We are having an issue with running out of disk space on HDFS. A little investigation has shown that the largest directory, by far, is /apps/hbase/data/archive. As I understand it, this directory keeps HFiles that need to be kept, typically because of snapshots. I know that a large archive directory is the first culprit of having too many snapshots.
However snapshots do not seem to be the issue here: /apps/hbase/data/archive is a little larger than110TB, while the sum of all of our snapshots is <50TB.
We have not set hbase.master.hfilecleaner.ttl, however I have read that the default is 5 minutes - this is definitely not the culprit for many of the HFiles we have, which frequently date back many months.
What steps can I follow to try to reduce this usage?
Depending on the version of HDP you're running, the backup and restore work may be running by default. You can try to set hbase.backup.enable to false in hbase-site.xml and see if that will automatically clean up the files.
To try to debug this further, you can try to enable TRACE logging on the package "org.apache.hadoop.hbase.master.cleaner" in the active HBase Master. Hopefully, this will give you some confirmation as to the Cleaner implementation (there are multiple running in the Master) which is requiring that the file be kept.
Thanks for the reply Josh. hbase.backup.enable is not defined on our cluster, so it defaults to true. I'll turn this to false and then see if things get to a more reasonable level. If that doesn't work I will turn on the TRACE logging, and update with extra information.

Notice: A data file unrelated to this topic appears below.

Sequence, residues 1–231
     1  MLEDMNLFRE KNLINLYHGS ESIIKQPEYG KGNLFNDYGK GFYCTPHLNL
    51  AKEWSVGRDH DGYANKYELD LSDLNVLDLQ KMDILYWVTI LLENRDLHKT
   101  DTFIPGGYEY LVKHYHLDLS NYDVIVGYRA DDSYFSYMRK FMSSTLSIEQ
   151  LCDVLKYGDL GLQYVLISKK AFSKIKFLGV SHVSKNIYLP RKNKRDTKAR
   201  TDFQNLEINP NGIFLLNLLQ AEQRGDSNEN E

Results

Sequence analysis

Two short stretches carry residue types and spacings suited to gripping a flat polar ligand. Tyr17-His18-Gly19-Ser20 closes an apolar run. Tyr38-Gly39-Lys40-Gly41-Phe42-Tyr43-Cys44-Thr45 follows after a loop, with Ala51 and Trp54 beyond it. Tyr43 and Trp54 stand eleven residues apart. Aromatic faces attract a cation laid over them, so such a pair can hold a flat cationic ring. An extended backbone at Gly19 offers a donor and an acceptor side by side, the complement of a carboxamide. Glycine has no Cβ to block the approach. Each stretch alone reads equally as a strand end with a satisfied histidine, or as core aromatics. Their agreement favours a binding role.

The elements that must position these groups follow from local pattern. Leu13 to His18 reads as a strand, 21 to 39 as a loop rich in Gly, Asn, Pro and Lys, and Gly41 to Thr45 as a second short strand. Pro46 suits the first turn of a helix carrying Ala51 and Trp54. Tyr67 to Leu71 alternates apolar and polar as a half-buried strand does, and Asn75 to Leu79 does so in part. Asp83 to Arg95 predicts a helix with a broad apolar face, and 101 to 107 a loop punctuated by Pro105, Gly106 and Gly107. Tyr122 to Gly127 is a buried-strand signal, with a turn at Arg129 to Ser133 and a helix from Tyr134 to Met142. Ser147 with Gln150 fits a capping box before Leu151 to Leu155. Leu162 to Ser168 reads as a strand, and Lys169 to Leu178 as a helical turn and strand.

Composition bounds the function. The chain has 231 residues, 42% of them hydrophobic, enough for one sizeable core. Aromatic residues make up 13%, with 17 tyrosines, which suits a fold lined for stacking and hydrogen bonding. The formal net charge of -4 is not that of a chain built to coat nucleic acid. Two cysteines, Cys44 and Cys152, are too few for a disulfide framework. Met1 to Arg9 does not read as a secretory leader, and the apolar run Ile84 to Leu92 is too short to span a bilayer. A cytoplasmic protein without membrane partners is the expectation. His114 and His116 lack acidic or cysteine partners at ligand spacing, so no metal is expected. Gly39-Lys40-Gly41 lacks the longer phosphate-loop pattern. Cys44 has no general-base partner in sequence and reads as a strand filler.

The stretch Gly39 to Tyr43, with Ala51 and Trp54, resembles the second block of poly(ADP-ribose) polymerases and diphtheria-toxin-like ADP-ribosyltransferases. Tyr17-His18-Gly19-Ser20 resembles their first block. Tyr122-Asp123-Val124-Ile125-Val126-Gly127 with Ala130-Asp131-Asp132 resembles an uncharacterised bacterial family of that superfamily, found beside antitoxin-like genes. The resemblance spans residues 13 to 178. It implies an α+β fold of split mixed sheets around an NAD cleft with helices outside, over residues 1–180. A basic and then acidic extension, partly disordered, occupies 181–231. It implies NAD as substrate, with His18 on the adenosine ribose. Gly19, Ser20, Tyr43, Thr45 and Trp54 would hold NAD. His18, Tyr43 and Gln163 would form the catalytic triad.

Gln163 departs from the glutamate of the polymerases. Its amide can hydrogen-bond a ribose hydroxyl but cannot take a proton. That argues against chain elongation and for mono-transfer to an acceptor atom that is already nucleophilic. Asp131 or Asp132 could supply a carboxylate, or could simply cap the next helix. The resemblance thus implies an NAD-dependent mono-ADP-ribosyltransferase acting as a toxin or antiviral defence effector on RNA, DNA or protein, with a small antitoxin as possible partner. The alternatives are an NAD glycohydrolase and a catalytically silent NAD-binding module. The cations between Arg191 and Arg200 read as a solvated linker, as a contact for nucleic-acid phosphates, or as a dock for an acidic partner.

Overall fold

If it changes anything, we're running HDP 220.127.116.11
@Josh Elser Disabling hbase backups did not improve the situation. After sifting through the logs for the cleaner, I have identified the following series of warnings:
2017-11-13 06:29:11,808 WARN [server01,16000,1510545850564_ChoreService_1] master.ReplicationHFileCleaner: ReplicationHFileCleaner received abort, ignoring. Reason: Failed to get stat of replication hfile references node. 2017-11-13 06:29:11,808 WARN [server01,16000,1510545850564_ChoreService_1] master.ReplicationHFileCleaner: Failed to read hfile references from zookeeper, skipping checking deletable files 2017-11-13 06:29:11,808 WARN [server01,16000,1510545850564_ChoreService_1] zookeeper.ZKUtil: replicationHFileCleaner-0x15fb38de0a0007a, quorum=server01:2181,server02:2181,server03:2181, baseZNode=/hbase-unsecure Unable to get data of znode /hbase-unsecure/replication/hfile-refs org.apache.zookeeper.KeeperException$SessionExpiredException: KeeperErrorCode = Session expired for /hbase-unsecure/replication/hfile-refs
These repeat multiple times. So it appears that the replication HFile cleaner is failing due to an issue with zookeeper. We recently had some fairly severe zookeeper issues, but things have returned to a completely stable state now, apart from this.
Do you have any advice for how I can move forward, either with forcing the HFile cleaner to run or with repairing the state of zookeeper?
Session expiration is often hard to track down. It can be a factor of JVM pauses (due to Garbage Collection) on either the client (HBase Master) or server (ZK Server) or it could be a result of a ZNode which has an inordinately large number of children.
The brute-force operation would be to disable your replication process, (potentially) drop the root znode, and re-enable replication, and then sync up the tables with an ExportSnapshot or CopyTable. This would eliminate the data in ZooKeeper being a problem.
The other course of action would be looking more at the Master log and ZooKeeper server log to understand why the ZK session is expiring (See https://zookeeper.apache.org/doc/trunk/images/state_dia.jpg for more details on the session lifecycle). A good first step would be checking the number of znodes under /hbase-unsecure/replication.